Friday, April 15, 2016

What Do All These Mean Spirited Republican Bills/Proposals Have In Common?

  • Guns on Campus
  • Keeping Transgender Folks Out of Public Restrooms
  • Rules that Make Abortion Inaccessible
  • A Border Wall With Mexico

These are all made up issues that distract from the important, consequential issues.  They're what used to be called wedge issues designed to stoke fear by tickling the amygdala.   Emotions take charge, reason doesn't come to play here.  So the target audience gets aroused and angry.  No debate here, no discussion, no analysis.  Just fear based anger.

If you notice these are all tangible, concrete concepts we can visualize and easily understand.  They create all too easily imaginable images of someone shooting someone on campus.  Or of a six foot something, former NFL football player like John Irving's Roberta Muldoon, leeringly entering the women's restroom in a dress.  Visions of tortured fetuses and hordes of Mexicans streaming across the Rio Grande to take away American jobs.  

And they don't have to think about how to balance the budget, how to curb global warming, the tens of thousands of civilians who have died because of the United States' attempts to avenge the World Trade Center deaths and destruction.  They won't have time to think about how 1% of Americans came to hold 40% of our wealth and how to change that.

In Penn & Teller's seven basic principles of magic, this is called Misdirection."
Draw attention away from a secret move.
The main issues - guns, sexuality, abortion, and immigrants - aren't made up.  But the legislation being debated and passed these days is so outrageous and mean-spirited I'm convinced it's a form of political sleight of hand to keep us from seeing and dealing with the truly important issues.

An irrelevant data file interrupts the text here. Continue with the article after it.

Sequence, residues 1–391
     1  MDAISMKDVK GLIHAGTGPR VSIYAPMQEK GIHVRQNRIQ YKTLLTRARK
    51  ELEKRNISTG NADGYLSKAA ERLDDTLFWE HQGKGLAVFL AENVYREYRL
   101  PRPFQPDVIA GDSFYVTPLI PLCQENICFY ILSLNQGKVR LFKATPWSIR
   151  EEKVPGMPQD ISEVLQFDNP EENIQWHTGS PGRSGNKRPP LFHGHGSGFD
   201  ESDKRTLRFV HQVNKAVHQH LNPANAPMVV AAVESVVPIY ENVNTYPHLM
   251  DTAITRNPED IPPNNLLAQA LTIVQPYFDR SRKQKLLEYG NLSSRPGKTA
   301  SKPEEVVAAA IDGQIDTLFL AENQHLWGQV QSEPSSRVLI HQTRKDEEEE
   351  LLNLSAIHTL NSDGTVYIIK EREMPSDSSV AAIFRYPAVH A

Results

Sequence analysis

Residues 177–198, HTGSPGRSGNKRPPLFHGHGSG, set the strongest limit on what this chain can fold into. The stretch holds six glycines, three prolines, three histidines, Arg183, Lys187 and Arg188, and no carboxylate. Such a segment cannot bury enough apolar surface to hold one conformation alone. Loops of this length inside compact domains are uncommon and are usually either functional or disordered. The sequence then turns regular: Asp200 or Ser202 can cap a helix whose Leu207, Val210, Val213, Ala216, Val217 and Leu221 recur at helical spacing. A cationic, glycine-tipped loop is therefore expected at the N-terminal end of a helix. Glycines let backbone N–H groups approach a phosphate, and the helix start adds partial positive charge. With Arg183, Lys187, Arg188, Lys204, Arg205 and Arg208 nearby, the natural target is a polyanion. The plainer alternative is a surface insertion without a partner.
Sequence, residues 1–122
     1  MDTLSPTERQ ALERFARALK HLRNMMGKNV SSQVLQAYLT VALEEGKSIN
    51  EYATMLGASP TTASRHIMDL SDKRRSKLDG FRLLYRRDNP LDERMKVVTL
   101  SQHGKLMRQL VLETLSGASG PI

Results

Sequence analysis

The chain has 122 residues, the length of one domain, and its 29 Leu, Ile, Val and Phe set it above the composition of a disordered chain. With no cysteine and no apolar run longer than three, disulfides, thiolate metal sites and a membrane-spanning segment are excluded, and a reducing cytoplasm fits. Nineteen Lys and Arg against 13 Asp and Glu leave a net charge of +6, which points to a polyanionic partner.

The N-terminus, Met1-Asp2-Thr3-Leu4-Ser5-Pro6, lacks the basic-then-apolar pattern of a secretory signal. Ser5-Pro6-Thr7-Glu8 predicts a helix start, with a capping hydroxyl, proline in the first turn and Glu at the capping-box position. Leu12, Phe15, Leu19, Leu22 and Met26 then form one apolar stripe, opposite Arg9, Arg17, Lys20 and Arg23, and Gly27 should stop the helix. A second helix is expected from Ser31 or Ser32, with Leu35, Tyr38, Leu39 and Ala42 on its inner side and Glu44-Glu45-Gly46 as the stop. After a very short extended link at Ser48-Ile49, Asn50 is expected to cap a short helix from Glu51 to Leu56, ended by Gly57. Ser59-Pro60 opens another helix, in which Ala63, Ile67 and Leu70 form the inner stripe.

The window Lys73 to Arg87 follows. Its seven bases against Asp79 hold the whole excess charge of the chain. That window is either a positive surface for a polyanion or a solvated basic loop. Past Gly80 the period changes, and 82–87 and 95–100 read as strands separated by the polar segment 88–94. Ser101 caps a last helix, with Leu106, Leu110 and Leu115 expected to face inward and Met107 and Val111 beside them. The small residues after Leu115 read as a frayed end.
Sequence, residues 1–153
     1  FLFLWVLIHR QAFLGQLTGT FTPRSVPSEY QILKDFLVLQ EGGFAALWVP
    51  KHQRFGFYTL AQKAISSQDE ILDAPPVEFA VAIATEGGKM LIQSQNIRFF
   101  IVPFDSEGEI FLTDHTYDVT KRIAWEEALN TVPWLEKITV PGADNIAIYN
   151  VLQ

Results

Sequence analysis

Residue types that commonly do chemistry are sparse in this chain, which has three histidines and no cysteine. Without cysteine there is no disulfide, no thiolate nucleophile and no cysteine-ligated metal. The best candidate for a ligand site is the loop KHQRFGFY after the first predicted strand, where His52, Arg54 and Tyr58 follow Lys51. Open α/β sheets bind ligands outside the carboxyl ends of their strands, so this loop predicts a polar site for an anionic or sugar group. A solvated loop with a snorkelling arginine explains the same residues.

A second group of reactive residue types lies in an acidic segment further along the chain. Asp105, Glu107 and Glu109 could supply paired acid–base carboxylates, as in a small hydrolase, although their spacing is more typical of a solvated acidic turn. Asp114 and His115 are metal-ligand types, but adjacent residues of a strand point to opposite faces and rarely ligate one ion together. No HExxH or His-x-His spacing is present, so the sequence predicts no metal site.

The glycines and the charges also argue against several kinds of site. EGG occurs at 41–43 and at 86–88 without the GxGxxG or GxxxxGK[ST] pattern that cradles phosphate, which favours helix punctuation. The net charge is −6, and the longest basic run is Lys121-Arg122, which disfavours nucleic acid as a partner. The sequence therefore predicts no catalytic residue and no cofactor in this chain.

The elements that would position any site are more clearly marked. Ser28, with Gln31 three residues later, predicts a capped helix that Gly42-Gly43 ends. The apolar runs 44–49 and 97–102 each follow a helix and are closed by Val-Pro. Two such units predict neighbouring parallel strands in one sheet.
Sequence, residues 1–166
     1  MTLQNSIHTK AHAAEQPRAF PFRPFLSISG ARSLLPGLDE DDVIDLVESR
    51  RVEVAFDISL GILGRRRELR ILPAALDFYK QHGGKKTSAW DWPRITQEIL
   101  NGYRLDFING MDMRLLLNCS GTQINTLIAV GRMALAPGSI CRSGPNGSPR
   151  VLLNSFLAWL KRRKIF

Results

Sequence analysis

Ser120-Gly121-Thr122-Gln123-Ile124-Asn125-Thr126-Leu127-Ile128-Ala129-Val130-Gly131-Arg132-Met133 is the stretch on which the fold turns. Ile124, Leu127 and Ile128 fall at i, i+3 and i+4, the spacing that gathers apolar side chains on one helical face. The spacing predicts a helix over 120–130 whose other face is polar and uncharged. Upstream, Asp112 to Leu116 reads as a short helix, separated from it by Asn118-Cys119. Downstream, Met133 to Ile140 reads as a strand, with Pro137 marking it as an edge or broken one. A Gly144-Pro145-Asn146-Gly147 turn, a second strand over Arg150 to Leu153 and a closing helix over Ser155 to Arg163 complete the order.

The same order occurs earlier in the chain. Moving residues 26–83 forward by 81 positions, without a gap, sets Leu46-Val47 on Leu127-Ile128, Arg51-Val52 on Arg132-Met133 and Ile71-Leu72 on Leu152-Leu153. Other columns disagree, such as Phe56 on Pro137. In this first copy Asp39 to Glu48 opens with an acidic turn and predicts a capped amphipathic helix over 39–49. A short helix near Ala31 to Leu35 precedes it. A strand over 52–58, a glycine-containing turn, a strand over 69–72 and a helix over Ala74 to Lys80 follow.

It's the only theory that explains for me all the nasty and divisive legislation that Republicans have been introducing and even passing in many states in the last year or so.  It's to keep us distracted over guns, abortion, bathrooms, and walls, so we don't focus on inequality, voting rights, and how the law is rigged in favor of the 1%.


  1. ...what each of those legislative proposals all have in common is that each of them are failed policies copied whole from wrongheaded legislation which arose in other states.

  2. Those mean-spirited bills have probably also been argued using fallacious arguments: Here is a wonderful list, all in one place, of the arguments we have come to expect from the Republicans and ones which Hillary or Bernie would be well to be able to parry as they go into debates.

    These are also arguments (in the Comments sections) on progressive sites which make it well-nigh impossible to have a reasonable discussion.

    Humans seem hard-wired to be right, to never compromise so as not to lose face, or be seen to back down. School yard taunts now comprise public discourse. (Another fruit of a poorly educated populace.)

    1. Barbara, I have no more claim to knowing people's motives than anyone else, but the point I was trying to make was that it doesn't matter if the arguments are fallacious or outrageous or rude because the purpose of it all is to distract from the real issues that ought to be debated, to use up people's energy on this nonsense.

    2. Noted, but I thought the list of fallacious arguments -- all in one place -- must be like Cole's notes for politicians who want to misdirect. :D

    3. Yes, that list is always worth reviewing. I don't think these guys really care though. But maybe some of the people who listen to them will start to catch the fallacies.

  3. Misdirection is certainly the effect, but I'm not certain that it's an intentional motivation. If it were intentional, the misdirection would imply a very far-ranging and deep conspiracy. Although that kind of planning is certainly a possibility, it may be more likely that this is simply a way to generate support in the simplest way possible. One can easily generate emotional support and votes for simple, binary, "with me or against me" issues (as both Cruz and Trump have demonstrated). It is much more difficult to argue the bigger issues. They usually require complex solutions, nuanced explanations and a great deal of education in order to get your point across to the electorate. So as Steve as already said, the motivation is beside the point. The effect is to distract from more important, difficult and substantive issues.


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